Millennials grew up with the internet and know (or should know) enough to be skeptical of unsourced information. But even we can be taken in sometimes.
Sometimes the historicity of a quote doesn't matter; for example, Nathan Hale's famous line exemplified a revolution whether or not he actually said those exact 14 words. But it's the exception, not the rule.
Accuracy in an age where information can spread in an instant is doubly important. After being taken in a few times myself, I've learned to double-check any quote that I repin, retweet, or otherwise share online.
Here are six famous quotes that are generally credited to the wrong person. (You can go double-check your Pinterest boards now.)
1. "For attractive lips, speak words of kindness. For lovely eyes, seek out the good in people. For a slim figure, share your food with the hungry. For beautiful hair, let a child run his or her fingers through it once a day ..."
Pop culture has credited this list of beauty tips to Audrey Hepburn ever since the actress quoted the essay in public — despite the fact that Hepburn always sourced the essay to its true author, humorist Sam Levenson.
Note: The "I believe in pink" quote often sourced to Hepburn is probably made up as well.
2. "A government big enough to give you everything you want, is a government big enough to take away everything that you have."
3. "I would rather be what God chose to make me than the most glorious creature that I could think of; for to have been thought about, born in God’s thought, and then made by God, is the dearest, grandest, and most precious thing in all thinking."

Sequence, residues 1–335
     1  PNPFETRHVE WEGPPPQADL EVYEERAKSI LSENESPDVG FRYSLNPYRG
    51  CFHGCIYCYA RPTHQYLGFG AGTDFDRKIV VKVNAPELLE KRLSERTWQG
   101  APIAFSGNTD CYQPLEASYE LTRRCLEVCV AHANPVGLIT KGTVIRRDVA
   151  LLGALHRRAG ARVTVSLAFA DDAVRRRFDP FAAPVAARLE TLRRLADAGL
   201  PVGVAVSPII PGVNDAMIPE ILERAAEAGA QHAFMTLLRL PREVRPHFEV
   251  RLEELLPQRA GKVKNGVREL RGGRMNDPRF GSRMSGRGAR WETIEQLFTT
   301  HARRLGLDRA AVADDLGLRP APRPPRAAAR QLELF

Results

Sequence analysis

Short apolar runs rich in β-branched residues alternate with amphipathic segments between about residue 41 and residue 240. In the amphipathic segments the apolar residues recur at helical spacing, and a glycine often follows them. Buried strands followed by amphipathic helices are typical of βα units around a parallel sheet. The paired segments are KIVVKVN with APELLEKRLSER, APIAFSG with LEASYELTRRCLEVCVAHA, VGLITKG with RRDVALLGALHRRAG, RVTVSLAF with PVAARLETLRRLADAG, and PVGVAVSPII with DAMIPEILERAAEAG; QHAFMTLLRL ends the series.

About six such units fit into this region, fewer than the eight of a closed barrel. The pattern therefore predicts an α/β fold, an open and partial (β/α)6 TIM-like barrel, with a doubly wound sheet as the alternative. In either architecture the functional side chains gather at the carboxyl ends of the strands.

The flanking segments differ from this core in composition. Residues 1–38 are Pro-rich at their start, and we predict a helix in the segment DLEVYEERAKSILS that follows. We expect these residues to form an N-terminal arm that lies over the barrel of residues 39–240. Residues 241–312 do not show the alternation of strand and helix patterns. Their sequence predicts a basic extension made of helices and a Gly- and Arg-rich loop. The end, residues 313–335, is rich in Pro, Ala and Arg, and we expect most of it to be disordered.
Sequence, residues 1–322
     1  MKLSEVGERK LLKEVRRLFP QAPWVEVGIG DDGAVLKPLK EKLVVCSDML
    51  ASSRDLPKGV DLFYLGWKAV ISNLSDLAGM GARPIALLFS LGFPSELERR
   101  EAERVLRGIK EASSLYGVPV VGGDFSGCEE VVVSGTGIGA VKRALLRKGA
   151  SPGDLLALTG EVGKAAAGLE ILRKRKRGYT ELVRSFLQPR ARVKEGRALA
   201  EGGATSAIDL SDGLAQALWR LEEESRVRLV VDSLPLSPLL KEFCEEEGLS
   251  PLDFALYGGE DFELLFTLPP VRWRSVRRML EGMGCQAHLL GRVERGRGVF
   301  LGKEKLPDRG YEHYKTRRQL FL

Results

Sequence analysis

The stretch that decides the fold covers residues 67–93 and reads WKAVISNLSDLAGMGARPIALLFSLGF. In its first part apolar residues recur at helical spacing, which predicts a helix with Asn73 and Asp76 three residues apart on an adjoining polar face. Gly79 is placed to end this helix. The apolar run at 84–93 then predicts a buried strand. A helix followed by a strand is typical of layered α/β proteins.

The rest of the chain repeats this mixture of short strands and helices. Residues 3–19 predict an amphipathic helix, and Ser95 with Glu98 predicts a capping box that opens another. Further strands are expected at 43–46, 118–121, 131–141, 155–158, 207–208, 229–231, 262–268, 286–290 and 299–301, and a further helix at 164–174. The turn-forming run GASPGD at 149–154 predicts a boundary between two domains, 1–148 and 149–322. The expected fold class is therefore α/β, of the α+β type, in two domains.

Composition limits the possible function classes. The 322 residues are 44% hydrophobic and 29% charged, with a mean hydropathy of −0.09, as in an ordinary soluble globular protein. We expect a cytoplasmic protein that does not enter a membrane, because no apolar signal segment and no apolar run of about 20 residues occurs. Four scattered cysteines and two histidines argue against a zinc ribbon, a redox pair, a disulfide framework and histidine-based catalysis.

Blogposts and pins frequently attribute this quote to C.S. Lewis, but the words actually came from fellow author George MacDonald, whom Lewis considered a mentor and frequently quoted in his own works.
4. "Well-behaved women rarely make history."
This adage has been attributed to Hillary Clinton, Eleanor Roosevelt, Anne Boleyn and more. The actual line, "Well-behaved women seldom make history," came from an obscure scholarly article by Laurel Thatcher Ulrich, who later titled a book after the now-famous quote.
5. "Let them eat cake."
While the quote has become a byword exemplifying callous royalty, historians agree that Marie Antoinette never said it. The much-maligned, tragic queen was actually known as a generous donor to charitable causes and was sensitive to the populace, according to biographer Lady Antonia Fraser.
6. Basically every Marilyn Monroe quote ever
Did the Some Like It Hot star really say all this? The epidemic of fake Marilyn Monroe quotes has spread over the Internet like a rash. If you find an alleged Monroe quote, there’s probably a 90% chance it's made up. Don't repin. Be strong.